Never has it taken me so long to edit a single post.
I interviewed Elizabeth this past fall, then let this sit as an unedited Word doc on my Mac for months. To be completely honest, I had no idea how to edit it. I wanted to do Elizabeth’s story justice and share it, but I wasn’t sure if certain pieces would be too graphic. Her battle with mental health was unlike any story I’ve ever heard, let alone written about.
If you keep reading, you’ll see at one point Elizabeth says, “I just told myself, ‘This is no longer an option,’”—and that line alone was enough to make me hit publish. I cannot believe how strong and brave this girl has been through this entire experience. For every time you’ve wanted to eat a pint of ice cream after a bad day, I suggest you read this first.
Thanks for sharing your story Elizabeth. -Kara
Note from Bill & Hayley: If you or your loved ones are struggling with Depression or Anxiety or other mood issues, we urge you to seek the help of a medical professional.
Let’s start from the beginning. How did you find Paleo?
I found Paleo through my friend, Gretchen. She had posted about it on Facebook for three months before I started in July of 2014. I was going part-time at my job to help with family, and would soon lose my health insurance. I was very overweight and dependent on a lot of medication, which I knew would cause a financial strain over the next year. I started Paleo with a Whole30. I didn’t go Paleo to lose weight—it was about making a lifestyle change.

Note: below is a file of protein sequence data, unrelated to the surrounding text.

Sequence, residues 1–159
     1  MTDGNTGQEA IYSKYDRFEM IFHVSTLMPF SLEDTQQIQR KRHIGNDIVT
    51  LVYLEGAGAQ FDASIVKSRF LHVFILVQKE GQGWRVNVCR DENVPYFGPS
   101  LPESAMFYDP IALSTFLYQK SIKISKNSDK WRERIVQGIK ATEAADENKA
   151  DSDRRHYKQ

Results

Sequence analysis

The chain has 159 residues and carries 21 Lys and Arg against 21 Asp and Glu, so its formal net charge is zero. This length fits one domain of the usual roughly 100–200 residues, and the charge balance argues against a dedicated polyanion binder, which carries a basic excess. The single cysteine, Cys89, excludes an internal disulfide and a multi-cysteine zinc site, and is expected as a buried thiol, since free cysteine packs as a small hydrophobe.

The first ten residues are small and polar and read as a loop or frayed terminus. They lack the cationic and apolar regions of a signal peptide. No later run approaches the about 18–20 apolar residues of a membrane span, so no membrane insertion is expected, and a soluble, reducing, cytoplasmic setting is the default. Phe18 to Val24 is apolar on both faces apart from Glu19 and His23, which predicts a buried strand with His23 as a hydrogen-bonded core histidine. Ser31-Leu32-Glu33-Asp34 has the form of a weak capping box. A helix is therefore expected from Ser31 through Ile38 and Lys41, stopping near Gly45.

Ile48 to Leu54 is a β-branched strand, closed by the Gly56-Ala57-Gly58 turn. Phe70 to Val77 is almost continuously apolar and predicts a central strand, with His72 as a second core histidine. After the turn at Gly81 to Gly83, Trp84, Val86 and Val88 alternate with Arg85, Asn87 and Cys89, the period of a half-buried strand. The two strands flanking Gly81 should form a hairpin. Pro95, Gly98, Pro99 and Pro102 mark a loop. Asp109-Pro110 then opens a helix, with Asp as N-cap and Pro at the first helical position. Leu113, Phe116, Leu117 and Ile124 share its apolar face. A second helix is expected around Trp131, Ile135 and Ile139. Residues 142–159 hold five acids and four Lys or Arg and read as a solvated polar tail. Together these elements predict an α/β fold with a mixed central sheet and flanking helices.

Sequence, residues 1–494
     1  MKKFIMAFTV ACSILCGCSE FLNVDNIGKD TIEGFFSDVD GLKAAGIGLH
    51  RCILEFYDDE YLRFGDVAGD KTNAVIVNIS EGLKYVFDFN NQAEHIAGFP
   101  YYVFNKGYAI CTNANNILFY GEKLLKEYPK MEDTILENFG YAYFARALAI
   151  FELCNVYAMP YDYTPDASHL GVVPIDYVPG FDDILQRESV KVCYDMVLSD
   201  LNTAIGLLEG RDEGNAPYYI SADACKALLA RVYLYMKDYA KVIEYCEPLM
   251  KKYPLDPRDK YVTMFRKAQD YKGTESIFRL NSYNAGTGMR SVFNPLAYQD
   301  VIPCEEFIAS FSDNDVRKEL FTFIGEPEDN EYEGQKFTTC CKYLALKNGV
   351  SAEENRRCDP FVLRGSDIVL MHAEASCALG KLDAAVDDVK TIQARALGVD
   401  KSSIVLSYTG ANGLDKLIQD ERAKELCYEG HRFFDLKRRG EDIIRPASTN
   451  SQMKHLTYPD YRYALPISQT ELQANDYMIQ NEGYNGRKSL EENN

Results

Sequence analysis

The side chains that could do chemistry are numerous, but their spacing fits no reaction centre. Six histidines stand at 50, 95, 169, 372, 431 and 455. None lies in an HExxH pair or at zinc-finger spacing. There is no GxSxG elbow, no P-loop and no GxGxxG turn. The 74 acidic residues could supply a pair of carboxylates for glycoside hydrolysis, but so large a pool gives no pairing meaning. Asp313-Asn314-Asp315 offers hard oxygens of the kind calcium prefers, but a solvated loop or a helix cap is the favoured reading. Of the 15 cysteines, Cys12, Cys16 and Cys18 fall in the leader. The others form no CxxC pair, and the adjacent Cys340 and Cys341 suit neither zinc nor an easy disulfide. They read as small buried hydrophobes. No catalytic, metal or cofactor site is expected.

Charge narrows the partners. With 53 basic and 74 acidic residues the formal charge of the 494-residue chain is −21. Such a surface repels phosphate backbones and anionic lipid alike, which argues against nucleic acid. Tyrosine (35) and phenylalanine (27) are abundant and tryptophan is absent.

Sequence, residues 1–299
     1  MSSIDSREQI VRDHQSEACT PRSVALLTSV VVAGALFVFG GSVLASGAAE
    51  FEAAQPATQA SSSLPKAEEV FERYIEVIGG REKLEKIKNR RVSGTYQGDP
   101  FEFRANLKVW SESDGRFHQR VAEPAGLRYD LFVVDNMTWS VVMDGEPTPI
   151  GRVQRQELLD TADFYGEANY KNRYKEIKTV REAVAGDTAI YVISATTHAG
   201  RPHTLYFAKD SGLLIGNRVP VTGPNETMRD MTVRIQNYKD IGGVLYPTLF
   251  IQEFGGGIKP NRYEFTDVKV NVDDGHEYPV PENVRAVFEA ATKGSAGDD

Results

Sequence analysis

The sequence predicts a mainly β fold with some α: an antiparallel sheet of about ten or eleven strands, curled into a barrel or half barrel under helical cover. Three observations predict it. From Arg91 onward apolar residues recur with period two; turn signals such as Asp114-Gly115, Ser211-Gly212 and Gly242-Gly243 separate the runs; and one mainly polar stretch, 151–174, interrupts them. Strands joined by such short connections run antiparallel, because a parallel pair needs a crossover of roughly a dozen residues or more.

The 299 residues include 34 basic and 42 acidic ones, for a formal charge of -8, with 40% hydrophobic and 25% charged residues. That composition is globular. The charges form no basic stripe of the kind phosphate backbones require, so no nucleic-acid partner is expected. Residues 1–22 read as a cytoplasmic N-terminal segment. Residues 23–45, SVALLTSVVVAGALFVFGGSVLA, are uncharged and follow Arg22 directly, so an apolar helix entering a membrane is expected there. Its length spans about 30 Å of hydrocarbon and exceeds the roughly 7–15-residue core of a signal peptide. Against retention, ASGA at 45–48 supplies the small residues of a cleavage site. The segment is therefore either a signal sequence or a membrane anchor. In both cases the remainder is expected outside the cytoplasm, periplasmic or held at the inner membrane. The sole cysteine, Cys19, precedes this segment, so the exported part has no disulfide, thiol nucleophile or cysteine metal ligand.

What medications were you taking before you lost your insurance?
I have PCOS and have been diagnosed with multiple mental health issues: major depressive disorder, major anxiety disorder, and post-traumatic stress disorder (PTSD). I was on medication for all of the above.
I have dealt with depression since my late twenties. My family had been through a lot of hardships: my brother was diagnosed with cancer, I was in 3-4 severe car wrecks, and my niece died. About a year and a half ago, my brother’s cancer returned. I went part-time so I could tend to him in hospice until he passed in December.
I was absolutely terrified to go off my anti-depressants, but with the changes to my insurance I knew I had to. I hate dieting, but I had only ever done it for weight loss. I read about the connection between the gut and the brain, and said to myself, “I have to do this.” In July of 2014, six months before my brother passed, I went off my anti-depressants and anti-anxiety medication.